Shocking footage of thugs attacking their neighbour in dispute over cutting down trees is released as both attackers are spared jail
- John Foster, 36, attacked Stephen Walker outside a house in north-east Wales
- The pair were in a dispute over cutting down trees between two gardens
- Foster, a builder, and his accomplice Liam Williams, 34, left Mr Walker with facial injuries including a triple fracture to the left orbital floor that needed surgery
- The pair walked free from court, despite admitting to GBH and common assault
This is the shocking moment a man was caught attacking his neighbour in a row over trees.
CCTV footage shows John Foster, 36, attack Stephen Walker outside a house in Kinmel Bay, north-east Wales.
Foster, a builder, and his accomplice Liam Williams, 34, left Mr Walker with facial injuries including a triple fracture to the left orbital floor that needed surgery.
Despite serious injuries and admitting to the assault that was caught on camera, Williams and Walker walked free from court.
In the footage Foster is seen repeatedly punching Mr Walker outside Walker's girlfriend's house and Williams is seen kicking Mr Walker in the head as he lies on the ground.
Judge Rhys Rowlands told the pair they were 'looking for trouble and looking to be violent' in a hearing at Mold Crown Court, yesterday.
Mr Walker had been cutting the branches down at his girlfriend's house with his friend Samuel Roberts.
Anna Price, prosecuting, said Mr Walker's partner had asked Foster to have the trees cut back after seeking legal advice.
However, after it was not done, she arranged for Mr Walker and Mr Roberts to carry out the work.
Foster, and his employee Williams then arrived at the property, the court heard.
CCTV footage shows John Foster, 36, attack Stephen Walker outside a house in Kinmel Bay, north-east Wales
Foster, a builder, and his accomplice Liam Wiliams, 34, left Mr Walker with facial injuries including a triple fracture to the left orbital floor that needed surgery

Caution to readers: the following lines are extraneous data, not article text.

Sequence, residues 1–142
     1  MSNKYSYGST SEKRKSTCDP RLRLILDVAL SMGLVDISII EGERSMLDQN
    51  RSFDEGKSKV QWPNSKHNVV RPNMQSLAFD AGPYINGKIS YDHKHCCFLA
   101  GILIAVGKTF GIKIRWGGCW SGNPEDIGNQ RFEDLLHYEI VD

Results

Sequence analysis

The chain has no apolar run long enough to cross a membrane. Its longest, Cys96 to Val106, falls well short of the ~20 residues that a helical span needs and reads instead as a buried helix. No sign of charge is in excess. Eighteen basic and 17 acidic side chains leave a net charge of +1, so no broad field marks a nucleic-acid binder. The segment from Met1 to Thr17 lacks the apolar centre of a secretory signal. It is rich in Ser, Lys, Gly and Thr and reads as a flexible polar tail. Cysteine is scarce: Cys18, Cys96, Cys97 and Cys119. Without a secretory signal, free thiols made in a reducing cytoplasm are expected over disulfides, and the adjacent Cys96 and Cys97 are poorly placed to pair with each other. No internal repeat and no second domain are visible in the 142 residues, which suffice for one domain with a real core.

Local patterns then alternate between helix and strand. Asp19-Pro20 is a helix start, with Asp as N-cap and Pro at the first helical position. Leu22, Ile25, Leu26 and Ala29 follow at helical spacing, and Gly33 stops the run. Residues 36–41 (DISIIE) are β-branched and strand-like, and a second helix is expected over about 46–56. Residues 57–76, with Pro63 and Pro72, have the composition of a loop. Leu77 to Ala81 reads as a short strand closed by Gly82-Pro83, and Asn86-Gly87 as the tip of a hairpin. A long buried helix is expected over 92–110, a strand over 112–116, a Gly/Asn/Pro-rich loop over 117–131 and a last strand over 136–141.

When Mr Roberts tried to break up the fight Williams threw a brick at him which hit him on the arm and damaged Mr Walker's truck.
The pair plead guilty to Gross Bodily Harm on Mr Walker and common assault on Mr Roberts. Williams also admitted a further charge of damage to Mr Walker's vehicle.
Judge Rhys Rowlands said the violence took place against a background of 'an unfortunate and unnecessary dispute' between neighbours' and that 'such disputes are not uncommon.'
Mr Walker had been cutting the branches down at his girlfriend's house with his friend Samuel Roberts when the pair attacked them both
Foster grabbed Mr Walker and punched him repeatedly causing him to fall over the wall (pictured) Judge Rowlands said: 'you fell on top of him and even then you continued to punch him'
Judge Rowlands added that Foster and Williams had in this case lost 'all sense of proportion' of 'what was right and wrong'.
The Judge also said Mr Walker had been contacted by Foster's partner and although he did not know the details of what was said it was clear she was 'difficult and stand-offish' and that she had directly caused the problem that evening.
Mr Walker and Mr Roberts stopped trimming trees when asked by Foster's partner.
But while they were tidying up, the defendants turned up and were 'determined to throw their weight around' the court heard.
When Mr Roberts tried to break up the fight Williams threw a brick at him which hit him on the arm and damaged Mr Walker's truck
Foster has a violent history despite keeping out of trouble for the last decade.
Between 2000 an 2007 he ran up seven convictions including GBH, damage and battery.
Both Foster and Williams were given a 22-month prison sentence suspended for two years and were placed on rehabilitation.
Foster from Kinmel Bay was ordered to pay Mr Walker £3,500 in compensation and £750 prosecution costs.
Williams from Rhyl, north east Wales, was ordered to pay £250 compensation to Mr Roberts with £250 prosecution costs.
Duncan Bould, defending Walker, said his client had been out of trouble for ten years, had transformed his life. He added that Walker now ran a successful building company with six people and other sub-contractors relied upon him for work.
Phillip Tully, defending Williams, said his client acted out of a sense of loyalty and friendship.
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